Ex-dairy farm in Norwich reintroduced as state’s largest solar energy site

This is an archived article and the information in the article may be outdated. Please look at the time stamp on the story to see when it was last updated.

NORWICH — A former dairy farm in Norwich has been officially reintroduced as a provider of solar energy for municipal utilities served by the Connecticut Municipal Electric Energy Cooperative.

City and state officials were on hand Wednesday for the formal opening of Mountain Ash Solar Farm, which is home to the state's largest solar and energy storage system.

The 15-acre plot was formerly home to a dairy farm operated by seven generations of the Stott family. Now there are more than 15,000 solar panels on the land that are expected to produce enough electricity over the next two decades to power more than 8,400 homes for a year.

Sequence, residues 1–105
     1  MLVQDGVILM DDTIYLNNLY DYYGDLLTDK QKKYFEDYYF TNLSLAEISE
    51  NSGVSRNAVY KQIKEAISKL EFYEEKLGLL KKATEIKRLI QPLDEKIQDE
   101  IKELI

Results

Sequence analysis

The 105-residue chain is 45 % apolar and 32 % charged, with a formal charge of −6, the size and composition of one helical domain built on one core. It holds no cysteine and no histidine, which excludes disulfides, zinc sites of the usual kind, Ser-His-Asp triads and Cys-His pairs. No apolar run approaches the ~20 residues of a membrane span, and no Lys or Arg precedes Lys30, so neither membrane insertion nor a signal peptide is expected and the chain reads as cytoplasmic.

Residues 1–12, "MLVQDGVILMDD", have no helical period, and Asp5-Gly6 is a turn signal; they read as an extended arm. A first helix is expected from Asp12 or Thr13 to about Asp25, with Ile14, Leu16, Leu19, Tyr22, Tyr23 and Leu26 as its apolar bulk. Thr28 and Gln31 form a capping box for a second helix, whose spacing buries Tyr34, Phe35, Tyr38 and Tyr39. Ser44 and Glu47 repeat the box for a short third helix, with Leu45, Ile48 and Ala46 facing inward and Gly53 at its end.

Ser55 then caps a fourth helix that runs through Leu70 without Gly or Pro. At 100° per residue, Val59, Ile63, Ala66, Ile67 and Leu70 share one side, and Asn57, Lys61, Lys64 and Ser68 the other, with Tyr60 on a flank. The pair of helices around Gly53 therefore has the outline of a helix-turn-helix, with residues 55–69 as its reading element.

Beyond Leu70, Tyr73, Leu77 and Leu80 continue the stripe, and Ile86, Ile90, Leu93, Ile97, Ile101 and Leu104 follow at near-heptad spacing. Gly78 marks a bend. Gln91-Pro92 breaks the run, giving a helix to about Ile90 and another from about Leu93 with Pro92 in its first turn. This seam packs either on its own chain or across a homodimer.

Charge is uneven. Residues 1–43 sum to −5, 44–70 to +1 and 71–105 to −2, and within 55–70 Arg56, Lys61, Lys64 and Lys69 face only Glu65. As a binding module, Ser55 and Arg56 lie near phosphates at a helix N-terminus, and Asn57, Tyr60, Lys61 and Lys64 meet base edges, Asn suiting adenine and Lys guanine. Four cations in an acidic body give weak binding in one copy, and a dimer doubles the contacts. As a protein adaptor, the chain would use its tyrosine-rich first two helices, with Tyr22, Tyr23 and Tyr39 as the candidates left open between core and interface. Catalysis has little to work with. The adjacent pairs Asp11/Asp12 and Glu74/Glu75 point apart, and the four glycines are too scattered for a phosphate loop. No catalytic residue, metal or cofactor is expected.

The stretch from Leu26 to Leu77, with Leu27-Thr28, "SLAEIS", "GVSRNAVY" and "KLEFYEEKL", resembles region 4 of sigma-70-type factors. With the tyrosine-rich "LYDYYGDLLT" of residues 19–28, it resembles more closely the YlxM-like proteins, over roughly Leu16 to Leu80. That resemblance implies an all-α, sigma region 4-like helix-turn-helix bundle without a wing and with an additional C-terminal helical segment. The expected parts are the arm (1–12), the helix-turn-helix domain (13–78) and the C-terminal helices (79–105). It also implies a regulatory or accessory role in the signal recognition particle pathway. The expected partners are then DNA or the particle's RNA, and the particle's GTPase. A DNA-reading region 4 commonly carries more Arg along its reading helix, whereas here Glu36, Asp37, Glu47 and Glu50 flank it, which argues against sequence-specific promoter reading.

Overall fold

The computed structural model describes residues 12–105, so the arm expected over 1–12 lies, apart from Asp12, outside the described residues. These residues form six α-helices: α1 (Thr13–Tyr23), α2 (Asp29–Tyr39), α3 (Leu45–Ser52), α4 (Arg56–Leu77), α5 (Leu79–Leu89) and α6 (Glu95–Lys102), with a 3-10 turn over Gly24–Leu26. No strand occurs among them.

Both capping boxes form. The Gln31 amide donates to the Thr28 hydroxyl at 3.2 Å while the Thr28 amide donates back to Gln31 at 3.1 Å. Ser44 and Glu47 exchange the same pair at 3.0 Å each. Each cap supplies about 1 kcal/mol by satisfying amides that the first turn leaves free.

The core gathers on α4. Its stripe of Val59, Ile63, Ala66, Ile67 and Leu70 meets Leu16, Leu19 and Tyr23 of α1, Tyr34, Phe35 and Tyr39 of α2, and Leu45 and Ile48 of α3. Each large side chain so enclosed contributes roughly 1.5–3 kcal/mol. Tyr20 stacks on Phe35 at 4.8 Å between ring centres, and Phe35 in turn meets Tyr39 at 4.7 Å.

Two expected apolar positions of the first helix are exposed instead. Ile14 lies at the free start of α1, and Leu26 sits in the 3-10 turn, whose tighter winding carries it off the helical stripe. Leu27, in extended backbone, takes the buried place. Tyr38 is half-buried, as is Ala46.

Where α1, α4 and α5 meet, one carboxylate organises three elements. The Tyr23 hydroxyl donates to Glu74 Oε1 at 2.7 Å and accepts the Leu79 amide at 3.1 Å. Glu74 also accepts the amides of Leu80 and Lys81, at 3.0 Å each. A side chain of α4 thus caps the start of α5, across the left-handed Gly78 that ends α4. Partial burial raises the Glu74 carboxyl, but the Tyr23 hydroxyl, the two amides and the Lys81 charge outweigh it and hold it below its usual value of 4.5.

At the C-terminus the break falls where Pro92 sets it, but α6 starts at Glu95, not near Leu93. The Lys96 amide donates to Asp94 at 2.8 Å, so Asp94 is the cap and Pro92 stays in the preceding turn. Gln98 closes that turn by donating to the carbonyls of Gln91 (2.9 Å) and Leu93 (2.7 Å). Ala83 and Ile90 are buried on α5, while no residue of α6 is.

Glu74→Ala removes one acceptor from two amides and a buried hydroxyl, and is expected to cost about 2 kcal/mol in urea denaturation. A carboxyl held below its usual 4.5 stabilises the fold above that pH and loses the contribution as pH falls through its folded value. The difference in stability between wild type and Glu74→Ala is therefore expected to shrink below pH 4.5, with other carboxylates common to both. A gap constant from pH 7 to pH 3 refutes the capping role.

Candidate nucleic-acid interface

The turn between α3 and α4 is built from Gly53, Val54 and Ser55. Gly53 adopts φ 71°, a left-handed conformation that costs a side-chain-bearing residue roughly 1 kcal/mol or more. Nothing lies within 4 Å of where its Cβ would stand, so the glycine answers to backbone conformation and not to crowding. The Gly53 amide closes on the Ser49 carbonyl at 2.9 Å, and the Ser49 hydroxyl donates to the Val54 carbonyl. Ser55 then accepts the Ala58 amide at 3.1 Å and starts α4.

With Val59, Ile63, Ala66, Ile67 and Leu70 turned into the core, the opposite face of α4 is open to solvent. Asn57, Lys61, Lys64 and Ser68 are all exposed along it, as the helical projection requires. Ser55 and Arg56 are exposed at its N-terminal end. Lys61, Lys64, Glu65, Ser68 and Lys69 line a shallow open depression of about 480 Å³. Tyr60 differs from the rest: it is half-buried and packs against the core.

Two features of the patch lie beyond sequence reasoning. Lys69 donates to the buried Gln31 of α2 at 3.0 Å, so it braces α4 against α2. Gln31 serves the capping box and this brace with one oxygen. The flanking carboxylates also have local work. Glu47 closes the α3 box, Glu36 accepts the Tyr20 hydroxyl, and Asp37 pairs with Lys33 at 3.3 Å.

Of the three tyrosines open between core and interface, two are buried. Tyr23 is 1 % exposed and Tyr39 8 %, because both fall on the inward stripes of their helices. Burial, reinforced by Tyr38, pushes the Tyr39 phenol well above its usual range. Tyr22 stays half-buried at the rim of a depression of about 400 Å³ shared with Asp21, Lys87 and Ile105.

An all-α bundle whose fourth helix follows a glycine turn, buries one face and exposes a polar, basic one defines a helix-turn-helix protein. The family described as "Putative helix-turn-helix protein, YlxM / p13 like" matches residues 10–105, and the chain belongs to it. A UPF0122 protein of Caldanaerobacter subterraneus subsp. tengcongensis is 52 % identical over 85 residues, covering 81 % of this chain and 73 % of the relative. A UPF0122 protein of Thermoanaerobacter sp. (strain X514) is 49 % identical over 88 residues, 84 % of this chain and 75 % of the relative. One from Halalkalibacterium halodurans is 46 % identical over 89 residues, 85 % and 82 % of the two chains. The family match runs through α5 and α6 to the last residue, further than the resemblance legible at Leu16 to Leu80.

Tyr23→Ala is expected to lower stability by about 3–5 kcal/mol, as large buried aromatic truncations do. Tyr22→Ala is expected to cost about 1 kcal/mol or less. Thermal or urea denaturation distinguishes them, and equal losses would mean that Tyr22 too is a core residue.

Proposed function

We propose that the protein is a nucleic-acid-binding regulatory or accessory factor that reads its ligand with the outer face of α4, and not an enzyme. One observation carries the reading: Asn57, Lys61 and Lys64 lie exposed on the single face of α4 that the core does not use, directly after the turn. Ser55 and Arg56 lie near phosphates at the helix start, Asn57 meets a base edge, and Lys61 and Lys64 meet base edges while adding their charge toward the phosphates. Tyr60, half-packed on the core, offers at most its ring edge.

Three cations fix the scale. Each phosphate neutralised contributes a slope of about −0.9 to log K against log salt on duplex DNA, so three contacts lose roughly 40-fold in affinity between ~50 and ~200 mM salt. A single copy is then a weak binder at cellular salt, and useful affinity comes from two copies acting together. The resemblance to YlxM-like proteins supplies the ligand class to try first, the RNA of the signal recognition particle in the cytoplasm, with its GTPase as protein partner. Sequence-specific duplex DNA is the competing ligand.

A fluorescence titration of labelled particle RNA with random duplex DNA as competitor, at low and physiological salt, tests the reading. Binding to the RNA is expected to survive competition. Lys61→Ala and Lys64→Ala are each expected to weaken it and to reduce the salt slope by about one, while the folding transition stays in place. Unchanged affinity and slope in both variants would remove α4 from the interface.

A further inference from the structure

Norwich Public Utilities commissioned Solar City for the project, and Bright Fields Development to bring it into reality.

"They wanted it local  and within their distribution territory," said Michael Singer, of Bright Fields. "They can take the renewable energy , and dispatch  it to the grid whenever necessary."

The critical component? Fifteen Tesla batteries, which can store up to 3,000 hours of energy to use on rainy or cloudy days, or at night.

"It gives the the opportunity to uitilitze the power during off hours," Singer explained.

The farm will serve 20 percent of Norwich's customers, according to John Bilda of Norwich Public Utilities, and those customer won't have to pay a premium for the renewable energy.